I didn’t keep a journal



He is 33 tomorrow.  A good age, waist deep into exploring, into being.  Old enough to understand his strengths and weaknesses.  Old enough to have a wife.  Old enough for his style to freeze (hipster professor).  (Mostly just professor, but I like to watch his face when he reads these.)  Old enough to know how long food can stay out of the fridge before it goes bad (I have three years to learn this), to know what his hair will do if left untamed in the morning, to offer words or silence when asked, and to know which is when.  The age Jesus was when he died.  The age my mom was when she was finished having kids.  Mark Zuckerburg’s age.  Prince Harry’s age.


So yes.  Old enough to have waded through significant events, to have earned the faint etches on his forehead that disappear in soft lighting.  I complain to him about meeting later in life, like I know what that is, because I want to know him longer.  He never agrees.  High school would have been too young, we wouldn’t have understood each other, wouldn’t have gotten together, wouldn’t have been the persons we became.  And besides, we needed years to be single and make fantastically disastrous mistakes (read: hair styles) without being part of each other’s stories.   I often disagree with his statements — had we met in college, I think he would have been fond of my braces, purple hair, orange legs (WHY neutrogena fake tan?), and David Bowie muscle shirt (and by David Bowie muscle shirt, I mean a muscle shirt with a giant image of DB from Labrinth with “Your eyes can be so cruel” written under it).  (I still have it.)


My imaginary future love story never included the internet.  To be fair, online dating was still relegated to Craigslist ads, chatrooms, and some sort of Myspace dance when I was growing up, the realm of desperate and/or exhausted singles who couldn’t hack it in real life.  Or, if they could, they were smart enough to make up a meet-cute that didn’t involve 1s and 0s.  I’m not exactly sure how I thought I would meet my future someone, but I did write him occasional letters congratulating him on landing someone like me (“You must be pretty special”), and I did expect him to be smart, with funny as optional.  18 had me declaring I wouldn’t be married before 30, and 25 had me lamenting a definite eternal spinsterhood.  I decided I didn’t want a Romantic Guy.  The songwriters, the poets, the guys with capital letter feelings were hurling me upon pedestals when I belonged in the mud.  Not because I’m terrible, but because mud is fun and dirty and probably good for your skin.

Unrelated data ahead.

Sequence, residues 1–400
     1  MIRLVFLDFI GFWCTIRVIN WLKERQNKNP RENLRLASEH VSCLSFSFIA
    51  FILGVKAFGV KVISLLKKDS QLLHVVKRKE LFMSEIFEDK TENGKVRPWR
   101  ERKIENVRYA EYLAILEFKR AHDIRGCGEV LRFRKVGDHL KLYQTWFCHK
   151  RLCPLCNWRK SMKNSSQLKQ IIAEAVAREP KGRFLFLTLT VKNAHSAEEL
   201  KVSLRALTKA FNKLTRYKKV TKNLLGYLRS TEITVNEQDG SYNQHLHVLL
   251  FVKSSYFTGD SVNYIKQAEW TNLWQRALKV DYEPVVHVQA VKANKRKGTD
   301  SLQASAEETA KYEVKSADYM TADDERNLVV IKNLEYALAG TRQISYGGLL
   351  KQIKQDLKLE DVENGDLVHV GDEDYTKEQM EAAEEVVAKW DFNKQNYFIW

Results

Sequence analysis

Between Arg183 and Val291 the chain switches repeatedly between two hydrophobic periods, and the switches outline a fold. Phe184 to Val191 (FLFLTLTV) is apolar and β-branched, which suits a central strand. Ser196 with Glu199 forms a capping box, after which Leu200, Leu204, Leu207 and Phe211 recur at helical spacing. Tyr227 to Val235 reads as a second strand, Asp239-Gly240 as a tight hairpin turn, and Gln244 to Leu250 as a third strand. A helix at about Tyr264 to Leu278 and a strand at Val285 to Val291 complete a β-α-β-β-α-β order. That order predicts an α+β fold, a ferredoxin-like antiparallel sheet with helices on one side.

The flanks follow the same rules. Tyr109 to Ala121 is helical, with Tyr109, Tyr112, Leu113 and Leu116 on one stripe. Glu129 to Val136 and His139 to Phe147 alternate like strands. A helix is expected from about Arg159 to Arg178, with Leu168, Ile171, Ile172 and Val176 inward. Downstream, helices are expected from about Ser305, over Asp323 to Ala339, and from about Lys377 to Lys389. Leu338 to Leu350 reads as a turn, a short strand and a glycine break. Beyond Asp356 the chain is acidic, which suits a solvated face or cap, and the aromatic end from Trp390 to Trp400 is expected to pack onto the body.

But then I tried dating Lowercase Feelers; the ones restrained with their admirations, stilted in their language, fumblingly affectionate in ways I couldn’t receive.  And I felt like an insane person because I had all of the expressions and the googly eyes and the Taylor Swift spirals that intimidate and push and generally frustrate Lowercase Feelers.


We met online and didn’t see each other in person for six months.  I told my mom I had met someone special, he told his friends he had a penpal in Korea. (No she’s not Korean. Yes, I know your friend Danielle is Korean, but she’s not.  No, you never told me Danielle had a crush on me. That would have been nice to know before she got married).

Days marched into weeks, and we Skyped every day.  There were nice parallels: I told my friends I had to leave social events to do laundry (more suspicious if you know me), he huddled in the basement laundry room of his cousin’s house in Seattle.  He read me his favorite stories and I listened, enthralled with his slight Southern accent and searching eyes.  Early on, I discovered he was a Romantic Guy (RG), but that I didn’t seem to mind, probably because I had built him an equally fabulous pedestal, so we felt somewhat matched.


I didn’t keep a journal during our first visit.  My mother said “This is special. You should write about it every day.”  I said “Yes, that is a great idea.”  And then I spent my time baking and walking in the Seattle sunshine and discovering cafes and bookshops and hand holding and smiles.  But I didn’t write it down.  I don’t remember all the details.  I know we played Scrabble and laughed a lot and made pesto from scratch and baked my first loaf of bread (it was overbaked/hard and our guest was carb-free) and it turned out our pheromones didn’t hate each other and we were still cute in real life.

I didn’t know that he would be my husband.  I didn’t know he would be my best friend.  I didn’t know that we would have a small apartment and two cats who tolerate each other and shared friends and TV shows that we sometimes sneak ahead on.  I didn’t know I would be writing about him five years later, on his 33rd birthday.  I didn’t know that he would see me and know me and affirm that I am enough, even as he encourages me to grow.  We still play scrabble and laugh a lot, but hell if I ever make pesto from scratch again.  Pine nuts are priced like diamonds of the forest.






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